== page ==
FURTHERMORE, anyone who fails to meet the bar of equality by selfishly rising above it must seek to give restitution by regressing immediately or be subject to fine or imprisonment according to the severity and number of offenses.

Monday, July 3, 2017

Give Me Liberty Or Give Me a Deck

In consumerist America, little of the passionate fervor of our forefathers remains to spur us to daring action.  We have no battles to fight, no tyrant overseas to overthrow, no independence to gain.  Most of us have access not only to the basic necessities of life, but a tremendous array of options to fill every spare moment with entertainment and pleasure.

The thrilling cry of revolutionary Patrick Henry might well resound with the faintly-humorous pun of a lumberyard's advertising board leading up to the celebration of Independence Day:


It could be rather an amusing pun, if it were not a little too close to the truth.

Yet surely, you might say, we would not surrender our freedom for so little as a deck?

Perhaps not a literal deck.  Then again, perhaps we would give it up for something smaller—a cell phone perhaps?  A tax cut?  A free lunch?  A popular opinion?  A like on a Facebook post?  Do we really know much we would sign over our freedom for things so worthless even when it means turning our backs on those things we know deep down truly matter?

The more we surrender our liberty bit by bit for the smallest of things, the more we bind ourselves to the forging of chains for which we can blame no one but ourselves.  Fear speaks louder than reason.

Will we throw overboard the metaphorical tea of our oppressors and shout for liberty or death?  Or will we rather choose our own security and see any revolutionaries about as a dangerous threat to the life of pleasure we have chosen?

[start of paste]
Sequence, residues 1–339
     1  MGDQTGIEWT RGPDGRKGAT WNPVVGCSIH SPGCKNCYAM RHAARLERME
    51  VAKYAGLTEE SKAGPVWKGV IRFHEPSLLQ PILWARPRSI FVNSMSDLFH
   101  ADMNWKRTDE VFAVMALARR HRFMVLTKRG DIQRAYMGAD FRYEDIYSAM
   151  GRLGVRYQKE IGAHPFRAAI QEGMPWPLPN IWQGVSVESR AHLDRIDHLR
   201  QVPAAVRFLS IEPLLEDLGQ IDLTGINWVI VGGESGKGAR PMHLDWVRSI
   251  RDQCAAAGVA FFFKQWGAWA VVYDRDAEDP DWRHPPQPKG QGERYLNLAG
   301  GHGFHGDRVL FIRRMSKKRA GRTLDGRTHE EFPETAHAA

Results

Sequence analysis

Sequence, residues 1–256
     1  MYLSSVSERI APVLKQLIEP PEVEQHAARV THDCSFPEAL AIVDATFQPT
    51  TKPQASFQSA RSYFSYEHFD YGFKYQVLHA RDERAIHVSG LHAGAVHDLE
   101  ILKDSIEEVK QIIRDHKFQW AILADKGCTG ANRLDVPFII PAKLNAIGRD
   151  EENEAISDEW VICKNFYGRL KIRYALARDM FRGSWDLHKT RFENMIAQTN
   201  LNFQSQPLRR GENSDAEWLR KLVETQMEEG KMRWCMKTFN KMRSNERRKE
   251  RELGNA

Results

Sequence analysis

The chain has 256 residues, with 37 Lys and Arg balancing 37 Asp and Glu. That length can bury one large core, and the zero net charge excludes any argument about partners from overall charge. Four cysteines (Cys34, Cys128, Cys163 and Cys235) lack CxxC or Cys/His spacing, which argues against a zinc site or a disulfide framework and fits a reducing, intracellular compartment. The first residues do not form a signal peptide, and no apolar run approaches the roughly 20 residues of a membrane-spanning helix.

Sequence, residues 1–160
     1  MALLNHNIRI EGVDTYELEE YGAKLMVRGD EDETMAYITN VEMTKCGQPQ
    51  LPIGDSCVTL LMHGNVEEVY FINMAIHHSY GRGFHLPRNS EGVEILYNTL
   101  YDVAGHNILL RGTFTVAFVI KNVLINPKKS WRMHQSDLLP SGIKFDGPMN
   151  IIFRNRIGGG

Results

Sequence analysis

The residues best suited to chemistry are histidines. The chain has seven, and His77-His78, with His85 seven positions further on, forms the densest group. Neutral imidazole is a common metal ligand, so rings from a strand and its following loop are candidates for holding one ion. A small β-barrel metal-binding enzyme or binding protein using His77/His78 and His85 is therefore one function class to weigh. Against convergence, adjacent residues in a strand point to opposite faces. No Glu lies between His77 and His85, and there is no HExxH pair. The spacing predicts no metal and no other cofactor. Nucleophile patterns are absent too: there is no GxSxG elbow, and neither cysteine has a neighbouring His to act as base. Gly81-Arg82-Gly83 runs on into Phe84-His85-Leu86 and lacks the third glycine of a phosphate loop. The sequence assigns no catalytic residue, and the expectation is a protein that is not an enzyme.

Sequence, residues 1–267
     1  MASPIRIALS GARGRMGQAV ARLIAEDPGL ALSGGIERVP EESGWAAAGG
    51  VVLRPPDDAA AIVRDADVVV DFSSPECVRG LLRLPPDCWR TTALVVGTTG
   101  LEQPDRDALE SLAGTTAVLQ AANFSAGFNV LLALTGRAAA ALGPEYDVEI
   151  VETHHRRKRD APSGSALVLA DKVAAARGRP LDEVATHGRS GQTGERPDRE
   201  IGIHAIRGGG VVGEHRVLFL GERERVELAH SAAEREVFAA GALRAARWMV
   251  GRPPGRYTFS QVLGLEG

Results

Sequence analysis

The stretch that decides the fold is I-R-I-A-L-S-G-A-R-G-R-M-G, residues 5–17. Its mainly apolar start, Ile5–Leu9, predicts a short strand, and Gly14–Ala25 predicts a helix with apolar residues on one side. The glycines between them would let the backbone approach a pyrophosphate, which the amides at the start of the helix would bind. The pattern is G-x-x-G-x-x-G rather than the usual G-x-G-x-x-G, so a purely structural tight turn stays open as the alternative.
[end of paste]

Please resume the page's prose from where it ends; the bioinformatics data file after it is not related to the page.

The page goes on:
As for me, I stand with Patrick Henry, if in a battle of an entirely different nature: give me liberty or give me death!

Tuesday, June 20, 2017

Stock Characters

One might think that as an advanced civilization we would have outgrown stock characters.  After all, we know much more about physiology, psychology, and philosophy than our ancestors, so we can be much subtler in our characterization.  Yet somehow these characters keep showing themselves again and again in various manifestations.

One recent appearance of stock characters resulted in a delightful show known as Firefly.  It was cancelled of course, like most good shows, such as the children's show Magic School Bus where I gained a surprising amount of scientific knowledge, but I digress.

I bring up Firefly not to laud its merits, nor to condemn its flaws.  Rather I bring up the show because of its wonderful variety of stock characters.

Also, those stock characters have played a significant part in assisting science, the medical profession particularly.  I cannot give you the precise details, but I have it on good authority that a certain Eastern medical doctor uses the characters from Firefly as a metaphor for the various organs of the human body.  For each of these characters—just as each of the organs in the body—serve a specific role.

So perhaps we stock characters may be of more use than one would ever imagine....

Sunday, May 14, 2017

Quoting the Thirty-Fourth President of the United States

The other day my Grandma spoke seriously about the dangers of certain actions in the modern world and she called upon Eisenhower in her defense.   However, her quotation only resulted in laughter from my little brother and me.

Why, you may ask.